Philip R Lane: The future of the EU fiscal governance framework - a macroeconomic perspective

Panel intervention by Mr Philip R Lane, Member of the Executive Board of the European Central Bank, at the European Commission webinar on "The future of the EU fiscal governance framework", 12 November 2021.

The views expressed in this speech are those of the speaker and not the view of the BIS.

Central bank speech  | 
23 November 2021

I welcome the opportunity to contribute to the discussion on the future of the EU fiscal governance framework. In what follows, I will offer some personal observations.

I will focus on the macroeconomic role of the Stability and Growth Pact (SGP), taking a euro area perspective. The SGP is of course just one component in the overall institutional architecture of the EU. In particular, the completion of the banking union and capital markets union would improve the euro area's capacity to absorb macro-financial shocks, which would also serve to reduce fiscal tail risks. A comprehensive and robust macroprudential policy framework can also significantly reduce the burden on national fiscal policies and monetary policy in terms of macro-financial stabilisation. In addition, a permanent central fiscal capacity would enhance macroeconomic stabilisation by facilitating a common area-wide response to common shocks and (depending on its design) would also be complement national fiscal policies in managing large-scale country-specific shocks. Launched as a specific response to the pandemic crisis, the Next Generation EU (NGEU) initiative is testimony to the effectiveness of (at the least) a state-contingent type of central fiscal capacity in the face of large adverse shocks.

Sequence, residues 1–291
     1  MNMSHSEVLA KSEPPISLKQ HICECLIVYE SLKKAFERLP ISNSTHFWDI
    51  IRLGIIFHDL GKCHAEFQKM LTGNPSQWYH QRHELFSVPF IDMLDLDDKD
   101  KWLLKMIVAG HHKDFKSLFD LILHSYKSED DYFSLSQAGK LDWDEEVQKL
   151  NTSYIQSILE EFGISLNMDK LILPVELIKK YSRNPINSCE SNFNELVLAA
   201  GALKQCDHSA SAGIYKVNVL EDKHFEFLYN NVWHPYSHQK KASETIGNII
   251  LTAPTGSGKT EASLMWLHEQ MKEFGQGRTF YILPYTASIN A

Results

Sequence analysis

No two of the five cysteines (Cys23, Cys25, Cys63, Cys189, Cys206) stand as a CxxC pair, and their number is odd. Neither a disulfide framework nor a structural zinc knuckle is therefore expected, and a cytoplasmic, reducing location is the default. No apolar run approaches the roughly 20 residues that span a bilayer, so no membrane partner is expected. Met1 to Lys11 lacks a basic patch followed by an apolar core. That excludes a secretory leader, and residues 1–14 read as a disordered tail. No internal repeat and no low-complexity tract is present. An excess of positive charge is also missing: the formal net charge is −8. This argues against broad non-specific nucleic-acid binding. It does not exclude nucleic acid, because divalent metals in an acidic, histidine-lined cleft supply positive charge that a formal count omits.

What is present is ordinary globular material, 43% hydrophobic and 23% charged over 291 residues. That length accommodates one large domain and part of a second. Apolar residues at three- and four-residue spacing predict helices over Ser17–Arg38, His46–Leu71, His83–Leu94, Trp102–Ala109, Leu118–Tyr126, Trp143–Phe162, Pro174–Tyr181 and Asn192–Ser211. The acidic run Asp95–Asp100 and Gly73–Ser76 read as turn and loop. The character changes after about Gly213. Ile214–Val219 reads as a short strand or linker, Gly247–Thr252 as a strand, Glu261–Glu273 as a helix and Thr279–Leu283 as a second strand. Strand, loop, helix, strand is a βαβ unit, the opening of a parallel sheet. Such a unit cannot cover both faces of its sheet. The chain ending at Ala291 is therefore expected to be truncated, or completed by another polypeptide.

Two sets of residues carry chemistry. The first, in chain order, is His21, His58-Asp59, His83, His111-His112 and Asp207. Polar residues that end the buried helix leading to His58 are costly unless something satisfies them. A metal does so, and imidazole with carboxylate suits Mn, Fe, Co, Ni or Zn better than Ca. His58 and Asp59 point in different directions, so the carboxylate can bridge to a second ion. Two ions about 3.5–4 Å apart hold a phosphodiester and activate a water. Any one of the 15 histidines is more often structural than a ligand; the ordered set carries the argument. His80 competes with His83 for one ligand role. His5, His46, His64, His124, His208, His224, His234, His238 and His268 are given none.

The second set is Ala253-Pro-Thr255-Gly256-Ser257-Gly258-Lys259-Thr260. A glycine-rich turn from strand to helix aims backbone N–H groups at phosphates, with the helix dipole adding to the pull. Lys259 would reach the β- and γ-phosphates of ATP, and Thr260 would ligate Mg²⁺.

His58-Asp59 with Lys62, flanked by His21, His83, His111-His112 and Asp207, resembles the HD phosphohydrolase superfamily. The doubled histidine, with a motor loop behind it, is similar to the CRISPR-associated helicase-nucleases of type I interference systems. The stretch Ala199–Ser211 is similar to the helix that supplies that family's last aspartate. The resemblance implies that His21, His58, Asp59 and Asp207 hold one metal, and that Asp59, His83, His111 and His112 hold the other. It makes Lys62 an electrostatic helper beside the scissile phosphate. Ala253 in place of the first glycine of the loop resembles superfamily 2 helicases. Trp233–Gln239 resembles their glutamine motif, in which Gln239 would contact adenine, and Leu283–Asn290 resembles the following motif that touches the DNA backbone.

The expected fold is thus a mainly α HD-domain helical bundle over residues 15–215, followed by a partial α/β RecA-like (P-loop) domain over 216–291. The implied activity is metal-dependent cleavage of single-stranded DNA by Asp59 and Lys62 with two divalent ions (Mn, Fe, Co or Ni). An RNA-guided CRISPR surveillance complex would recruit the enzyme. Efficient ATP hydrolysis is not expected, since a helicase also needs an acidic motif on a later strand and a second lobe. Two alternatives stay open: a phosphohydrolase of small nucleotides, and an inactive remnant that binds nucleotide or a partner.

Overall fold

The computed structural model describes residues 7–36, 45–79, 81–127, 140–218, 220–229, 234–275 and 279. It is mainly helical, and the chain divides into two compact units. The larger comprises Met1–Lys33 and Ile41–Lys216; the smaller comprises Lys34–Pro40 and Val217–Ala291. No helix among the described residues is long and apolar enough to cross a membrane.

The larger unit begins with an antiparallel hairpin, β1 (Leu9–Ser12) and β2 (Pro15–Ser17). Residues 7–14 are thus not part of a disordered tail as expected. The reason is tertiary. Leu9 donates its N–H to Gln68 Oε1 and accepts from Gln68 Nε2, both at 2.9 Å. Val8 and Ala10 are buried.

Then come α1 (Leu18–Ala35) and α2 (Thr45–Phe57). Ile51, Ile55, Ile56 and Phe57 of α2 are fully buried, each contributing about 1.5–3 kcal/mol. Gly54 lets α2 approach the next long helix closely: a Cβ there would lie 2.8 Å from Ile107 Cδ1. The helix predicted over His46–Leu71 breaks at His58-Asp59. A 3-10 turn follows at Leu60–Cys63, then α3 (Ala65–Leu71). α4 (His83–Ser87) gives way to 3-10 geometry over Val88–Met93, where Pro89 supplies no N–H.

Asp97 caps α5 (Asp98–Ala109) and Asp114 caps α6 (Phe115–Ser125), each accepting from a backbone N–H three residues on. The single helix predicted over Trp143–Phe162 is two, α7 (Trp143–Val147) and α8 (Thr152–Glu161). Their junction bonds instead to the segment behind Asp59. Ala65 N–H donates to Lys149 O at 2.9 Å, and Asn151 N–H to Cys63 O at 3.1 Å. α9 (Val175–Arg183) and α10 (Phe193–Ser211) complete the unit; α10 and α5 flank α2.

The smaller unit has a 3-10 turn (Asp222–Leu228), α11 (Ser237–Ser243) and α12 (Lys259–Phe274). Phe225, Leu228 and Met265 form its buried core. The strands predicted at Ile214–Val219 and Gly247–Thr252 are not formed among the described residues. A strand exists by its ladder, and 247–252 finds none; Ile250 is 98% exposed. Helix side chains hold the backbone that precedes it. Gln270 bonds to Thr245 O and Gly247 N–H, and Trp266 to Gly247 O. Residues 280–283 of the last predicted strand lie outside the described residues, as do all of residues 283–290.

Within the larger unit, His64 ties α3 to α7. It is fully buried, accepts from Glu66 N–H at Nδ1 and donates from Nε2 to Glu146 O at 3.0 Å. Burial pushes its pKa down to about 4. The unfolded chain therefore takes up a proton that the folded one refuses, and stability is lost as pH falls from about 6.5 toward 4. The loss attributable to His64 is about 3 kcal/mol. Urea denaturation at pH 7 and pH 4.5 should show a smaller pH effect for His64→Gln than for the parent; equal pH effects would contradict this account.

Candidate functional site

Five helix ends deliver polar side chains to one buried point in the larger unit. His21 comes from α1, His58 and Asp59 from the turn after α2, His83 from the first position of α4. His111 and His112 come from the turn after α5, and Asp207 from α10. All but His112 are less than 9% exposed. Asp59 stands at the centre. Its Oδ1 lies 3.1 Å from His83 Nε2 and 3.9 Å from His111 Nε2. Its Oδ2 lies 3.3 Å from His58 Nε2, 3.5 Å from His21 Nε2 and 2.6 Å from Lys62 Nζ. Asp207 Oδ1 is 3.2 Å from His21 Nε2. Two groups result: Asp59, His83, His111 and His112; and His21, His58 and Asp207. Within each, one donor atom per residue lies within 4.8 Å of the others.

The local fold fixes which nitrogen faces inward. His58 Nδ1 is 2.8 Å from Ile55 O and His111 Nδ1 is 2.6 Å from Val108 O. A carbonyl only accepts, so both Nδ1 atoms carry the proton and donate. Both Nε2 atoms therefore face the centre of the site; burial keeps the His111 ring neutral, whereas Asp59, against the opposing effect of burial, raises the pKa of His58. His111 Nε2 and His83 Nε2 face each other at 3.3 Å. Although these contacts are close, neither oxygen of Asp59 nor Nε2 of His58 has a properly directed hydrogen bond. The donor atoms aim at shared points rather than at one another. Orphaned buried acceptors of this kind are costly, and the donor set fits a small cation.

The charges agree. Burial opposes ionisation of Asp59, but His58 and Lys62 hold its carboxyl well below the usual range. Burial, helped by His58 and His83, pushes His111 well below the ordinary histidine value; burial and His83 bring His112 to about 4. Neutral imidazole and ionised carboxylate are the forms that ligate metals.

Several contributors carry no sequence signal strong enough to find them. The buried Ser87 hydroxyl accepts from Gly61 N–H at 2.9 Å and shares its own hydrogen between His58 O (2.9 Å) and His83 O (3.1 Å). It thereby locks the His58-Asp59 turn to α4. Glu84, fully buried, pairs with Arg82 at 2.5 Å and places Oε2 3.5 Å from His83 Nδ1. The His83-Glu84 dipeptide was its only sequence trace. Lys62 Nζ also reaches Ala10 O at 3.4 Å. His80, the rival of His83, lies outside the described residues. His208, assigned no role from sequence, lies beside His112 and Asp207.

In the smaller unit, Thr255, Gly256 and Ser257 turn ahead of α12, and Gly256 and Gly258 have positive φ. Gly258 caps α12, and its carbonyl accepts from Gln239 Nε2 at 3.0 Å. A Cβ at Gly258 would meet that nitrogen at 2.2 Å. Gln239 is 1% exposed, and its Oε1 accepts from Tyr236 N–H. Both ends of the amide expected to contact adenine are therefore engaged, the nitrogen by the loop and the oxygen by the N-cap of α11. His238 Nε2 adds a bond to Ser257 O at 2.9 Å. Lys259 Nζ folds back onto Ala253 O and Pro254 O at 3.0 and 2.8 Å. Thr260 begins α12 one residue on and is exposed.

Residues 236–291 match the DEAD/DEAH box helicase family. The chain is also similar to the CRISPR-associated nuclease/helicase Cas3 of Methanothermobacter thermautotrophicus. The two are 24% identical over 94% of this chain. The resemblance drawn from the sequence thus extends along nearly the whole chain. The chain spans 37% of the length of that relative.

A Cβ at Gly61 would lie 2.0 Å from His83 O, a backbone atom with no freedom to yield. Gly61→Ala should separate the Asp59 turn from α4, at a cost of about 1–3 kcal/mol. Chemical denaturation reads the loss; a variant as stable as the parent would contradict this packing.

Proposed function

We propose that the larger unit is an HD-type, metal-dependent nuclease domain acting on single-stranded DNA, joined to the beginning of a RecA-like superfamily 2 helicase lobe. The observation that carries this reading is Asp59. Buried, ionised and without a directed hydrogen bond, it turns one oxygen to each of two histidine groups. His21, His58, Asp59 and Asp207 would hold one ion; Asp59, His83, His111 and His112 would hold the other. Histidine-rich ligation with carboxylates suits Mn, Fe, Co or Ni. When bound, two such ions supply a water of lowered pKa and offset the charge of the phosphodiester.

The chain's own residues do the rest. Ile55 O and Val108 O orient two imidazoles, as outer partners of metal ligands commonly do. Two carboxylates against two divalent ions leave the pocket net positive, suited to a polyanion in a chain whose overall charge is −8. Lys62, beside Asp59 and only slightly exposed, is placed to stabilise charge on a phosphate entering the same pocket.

At a conceptual level, it is clear that both price stability and macroeconomic stability simultaneously require that fiscal positions are sustainable and that fiscal policy operates in a countercyclical manner. Over the past twenty years, the macroeconomic performance of the euro area has suffered both from episodes of fiscal sustainability problems in some member countries and from fiscal procyclicality (in both good and bad economic times). Of course, fiscal sustainability and fiscal countercyclicality are interconnected: it is not possible to respond counter-cyclically to a recessionary shock if debt sustainability is called into question. In turn, debt sustainability requires the commitment to act counter-cyclically also during periods of strong economic performance by reducing debt ratios and building up fiscal buffers. The procyclical nature of fiscal policy in the euro area during substantial phases of the first two decades of the euro (pre-pandemic) is clearly evident in Chart 1.